x Abu Dhabi, UAEWednesday 24 January 2018

Farms urged to plant mangoes, lemons

The UAE provides a good environment for mangoes, which need deep soil for their extensive root systems.

Judges inspect lemons and mangoes during the Liwa Date Festival.
Judges inspect lemons and mangoes during the Liwa Date Festival.

LIWA // The mango and citrus plantations on Fujairah's coastline could soon be facing stiffer competition as farmers across the country are encouraged to increase their production.

As the Liwa Date Festival introduced both fruits to its competitions a few days ago, hundreds of mangoes were gathered from farms in Liwa, Ras al Khaimah, Abu Dhabi and Al Ain.

The UAE provides a good environment for mangoes, which need deep soil for their extensive root systems.

"The sandy soil in the UAE makes it very suitable for mango trees to grow," said Dr Ahmad Fathallah El-Shiekh, a fruit specialist at the Ministry of Environment and Water in Fujairah. "It allows water to access the tree's root system much easier than clay soil and the high humidity in Fujairah is also key for their growth."

The fruit is native to southern Asia, but it is also found in eastern Asia, eastern and northern Africa and Florida. There are thousands of different types with colours ranging from green to yellow with red cheeks.

"There is no best type of mango in the world," Dr El-Shiekh said. "Every country has a different best type and it varies according to people's taste buds".

"But for example, in Egypt, the best variety is Awais because it's not watery, it has a high amount of sugar, its pulp colour is very orange and its skin colour is yellowish green which is perfect".

He said the texture of the mango was also firm, even when ripe. Ideally, there should be 26 per cent of sugar in a good mango.

Of the UAE's 140,000 mango trees, around half are on the east coast of Fujairah because of its suitable humidity and temperature. The environment ministry works with 25 different cultivars, local and imported, including Zebda, Taimour and Alphonso.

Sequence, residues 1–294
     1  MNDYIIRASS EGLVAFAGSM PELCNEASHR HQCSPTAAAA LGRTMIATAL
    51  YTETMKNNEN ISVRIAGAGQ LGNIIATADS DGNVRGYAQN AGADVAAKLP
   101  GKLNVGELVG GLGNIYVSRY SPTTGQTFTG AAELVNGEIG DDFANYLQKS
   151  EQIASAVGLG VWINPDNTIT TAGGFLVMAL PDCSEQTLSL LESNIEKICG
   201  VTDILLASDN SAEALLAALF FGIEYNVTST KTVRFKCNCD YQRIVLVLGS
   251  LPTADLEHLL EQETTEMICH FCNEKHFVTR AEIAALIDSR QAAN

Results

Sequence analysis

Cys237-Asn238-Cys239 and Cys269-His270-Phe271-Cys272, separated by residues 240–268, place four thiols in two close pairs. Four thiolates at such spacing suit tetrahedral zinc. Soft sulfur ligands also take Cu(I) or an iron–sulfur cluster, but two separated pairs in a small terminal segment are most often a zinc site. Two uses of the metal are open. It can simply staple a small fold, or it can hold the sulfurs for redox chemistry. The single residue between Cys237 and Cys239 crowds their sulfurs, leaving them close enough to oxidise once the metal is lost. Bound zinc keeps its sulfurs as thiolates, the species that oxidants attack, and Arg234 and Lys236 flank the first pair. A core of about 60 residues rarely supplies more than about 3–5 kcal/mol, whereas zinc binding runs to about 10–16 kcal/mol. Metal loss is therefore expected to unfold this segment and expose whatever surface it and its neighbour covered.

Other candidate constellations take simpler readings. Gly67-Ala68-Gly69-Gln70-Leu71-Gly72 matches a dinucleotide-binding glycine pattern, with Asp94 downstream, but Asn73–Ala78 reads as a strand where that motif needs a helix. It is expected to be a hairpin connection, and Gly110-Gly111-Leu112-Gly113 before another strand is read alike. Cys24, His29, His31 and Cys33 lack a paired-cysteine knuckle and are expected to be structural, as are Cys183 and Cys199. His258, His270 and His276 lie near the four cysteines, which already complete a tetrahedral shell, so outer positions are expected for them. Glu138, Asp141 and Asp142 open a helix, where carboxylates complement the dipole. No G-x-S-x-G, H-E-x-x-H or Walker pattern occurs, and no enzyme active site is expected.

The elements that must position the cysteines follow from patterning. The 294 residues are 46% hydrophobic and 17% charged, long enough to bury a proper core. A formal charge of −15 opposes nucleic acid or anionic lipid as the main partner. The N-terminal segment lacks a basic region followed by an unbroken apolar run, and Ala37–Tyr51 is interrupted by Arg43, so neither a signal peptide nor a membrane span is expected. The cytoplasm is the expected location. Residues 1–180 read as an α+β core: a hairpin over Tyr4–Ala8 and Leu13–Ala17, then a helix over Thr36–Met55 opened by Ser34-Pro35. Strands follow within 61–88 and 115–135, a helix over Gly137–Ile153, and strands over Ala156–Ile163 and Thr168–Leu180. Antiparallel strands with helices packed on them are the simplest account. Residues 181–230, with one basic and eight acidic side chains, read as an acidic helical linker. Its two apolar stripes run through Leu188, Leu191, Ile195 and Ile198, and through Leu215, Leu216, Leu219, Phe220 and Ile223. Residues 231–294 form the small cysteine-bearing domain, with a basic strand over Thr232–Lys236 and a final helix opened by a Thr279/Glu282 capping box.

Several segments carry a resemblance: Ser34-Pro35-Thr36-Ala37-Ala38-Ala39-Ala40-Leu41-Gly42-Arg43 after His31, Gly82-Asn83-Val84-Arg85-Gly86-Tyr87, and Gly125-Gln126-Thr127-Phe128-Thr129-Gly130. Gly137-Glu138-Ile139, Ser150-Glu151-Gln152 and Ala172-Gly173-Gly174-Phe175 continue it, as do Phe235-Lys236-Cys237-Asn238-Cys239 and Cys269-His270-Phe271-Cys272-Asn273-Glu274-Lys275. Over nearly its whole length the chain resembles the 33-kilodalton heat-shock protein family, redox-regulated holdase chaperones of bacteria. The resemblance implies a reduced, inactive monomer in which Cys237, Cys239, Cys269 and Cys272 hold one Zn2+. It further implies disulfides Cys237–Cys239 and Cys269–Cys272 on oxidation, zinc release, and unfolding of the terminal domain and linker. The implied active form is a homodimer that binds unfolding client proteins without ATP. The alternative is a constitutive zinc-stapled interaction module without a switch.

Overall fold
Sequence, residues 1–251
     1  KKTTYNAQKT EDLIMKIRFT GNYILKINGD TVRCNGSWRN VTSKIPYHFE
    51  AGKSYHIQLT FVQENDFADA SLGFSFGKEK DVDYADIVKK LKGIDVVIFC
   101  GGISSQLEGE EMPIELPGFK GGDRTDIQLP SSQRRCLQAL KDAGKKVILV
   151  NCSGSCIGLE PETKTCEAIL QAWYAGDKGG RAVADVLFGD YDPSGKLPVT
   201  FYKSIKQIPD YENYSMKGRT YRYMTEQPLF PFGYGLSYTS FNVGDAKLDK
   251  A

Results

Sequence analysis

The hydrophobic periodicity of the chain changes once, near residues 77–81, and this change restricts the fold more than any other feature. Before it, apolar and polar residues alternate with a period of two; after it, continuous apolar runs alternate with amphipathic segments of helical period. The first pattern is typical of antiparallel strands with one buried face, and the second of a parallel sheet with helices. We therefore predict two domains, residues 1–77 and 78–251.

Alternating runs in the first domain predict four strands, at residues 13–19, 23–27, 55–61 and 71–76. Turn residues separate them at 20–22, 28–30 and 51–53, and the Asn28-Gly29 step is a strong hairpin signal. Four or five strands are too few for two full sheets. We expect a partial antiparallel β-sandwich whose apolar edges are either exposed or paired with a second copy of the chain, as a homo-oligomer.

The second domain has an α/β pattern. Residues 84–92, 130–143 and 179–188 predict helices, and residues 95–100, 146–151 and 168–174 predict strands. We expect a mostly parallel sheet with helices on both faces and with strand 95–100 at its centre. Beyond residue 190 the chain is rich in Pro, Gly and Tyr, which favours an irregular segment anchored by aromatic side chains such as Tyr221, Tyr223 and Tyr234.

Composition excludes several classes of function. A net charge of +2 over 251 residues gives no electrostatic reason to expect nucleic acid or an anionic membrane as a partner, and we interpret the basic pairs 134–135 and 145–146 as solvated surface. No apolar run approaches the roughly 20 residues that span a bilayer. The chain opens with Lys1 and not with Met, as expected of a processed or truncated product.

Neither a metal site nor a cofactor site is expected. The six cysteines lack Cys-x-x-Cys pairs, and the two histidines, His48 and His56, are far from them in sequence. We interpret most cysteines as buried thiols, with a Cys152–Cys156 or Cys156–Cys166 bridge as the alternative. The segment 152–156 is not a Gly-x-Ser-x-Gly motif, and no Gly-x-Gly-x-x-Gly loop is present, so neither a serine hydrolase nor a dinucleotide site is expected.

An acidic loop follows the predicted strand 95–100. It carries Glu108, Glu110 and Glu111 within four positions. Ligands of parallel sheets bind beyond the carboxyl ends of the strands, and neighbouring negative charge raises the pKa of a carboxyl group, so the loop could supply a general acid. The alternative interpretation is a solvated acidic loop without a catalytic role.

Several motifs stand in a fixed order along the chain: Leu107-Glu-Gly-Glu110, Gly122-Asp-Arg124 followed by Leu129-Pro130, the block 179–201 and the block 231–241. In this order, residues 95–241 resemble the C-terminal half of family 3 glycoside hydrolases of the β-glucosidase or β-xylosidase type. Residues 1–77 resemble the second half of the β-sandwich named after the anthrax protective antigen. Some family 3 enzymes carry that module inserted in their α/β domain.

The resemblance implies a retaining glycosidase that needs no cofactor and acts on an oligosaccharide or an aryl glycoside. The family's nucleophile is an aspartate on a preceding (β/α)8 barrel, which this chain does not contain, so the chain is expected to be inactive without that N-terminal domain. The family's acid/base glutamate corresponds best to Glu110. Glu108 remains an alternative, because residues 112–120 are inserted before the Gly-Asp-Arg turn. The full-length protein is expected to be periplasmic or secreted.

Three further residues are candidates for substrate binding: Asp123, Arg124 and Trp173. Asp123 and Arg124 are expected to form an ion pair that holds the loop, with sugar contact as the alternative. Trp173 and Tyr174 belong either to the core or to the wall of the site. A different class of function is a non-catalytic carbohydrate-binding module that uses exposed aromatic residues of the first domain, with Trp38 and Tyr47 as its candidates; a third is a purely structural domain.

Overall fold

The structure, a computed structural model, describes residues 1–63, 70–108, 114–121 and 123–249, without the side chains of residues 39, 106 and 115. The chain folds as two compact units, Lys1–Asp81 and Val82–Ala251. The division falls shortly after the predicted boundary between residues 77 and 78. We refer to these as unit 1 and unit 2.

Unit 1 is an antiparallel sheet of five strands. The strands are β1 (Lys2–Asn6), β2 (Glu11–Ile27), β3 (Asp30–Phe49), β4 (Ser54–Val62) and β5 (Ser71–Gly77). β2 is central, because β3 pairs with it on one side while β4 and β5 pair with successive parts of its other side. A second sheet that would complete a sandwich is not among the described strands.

"People are trying to make mangoes even more popular in the UAE by planting their seed in the ground to increase their production," said Dr Oda Eshkandi, the head of the date palms and fruits department at the Abu Dhabi Food Control Authority's experimental station in Al Ain. "They're seeking to establish it in the country and get farmers more involved in the process".

Last year, the environment ministry launched a two-year programme to help protect mango trees from disease and now the festival is doing its part to raise the fruit's popularity with Emirati farmers.

Mubarak al Qusaili, the head of the festival's judging committee, said this year's event would serve as the "gate to discover all the necessary information on mangoes and lemons".

The ideal mango is meant to be clean, undamaged and free from pests and infections. Inspectors look for sweetness and the fruit's overall flavour.

"It must be free from fibres or contain edible fibres that you can determine once you taste the fruit," said Dr El-Shiekh. "The volume of the fruit matters too, for instance, European countries tend to like mangoes below 2 kilos".

Judges at the festival announced relatives of the late Abdullah Ali al Muhairi as winners of the best local mango contest, taking a Dh25,000 prize. Mohammed Khalfan al Muhrizi won second place with Dh20,000 and Mohammed bin Saqr al Falahi received Dh15,000 in third spot.

Mohammed Khalfan al Muhrizi also won the first place in the international mango grown in the UAE category and received Dh25,000. Hassan Ali al Mazimi was announced second with Dh20.000 and third place went to Mohammed Issa al Mansouri with Dh15,000.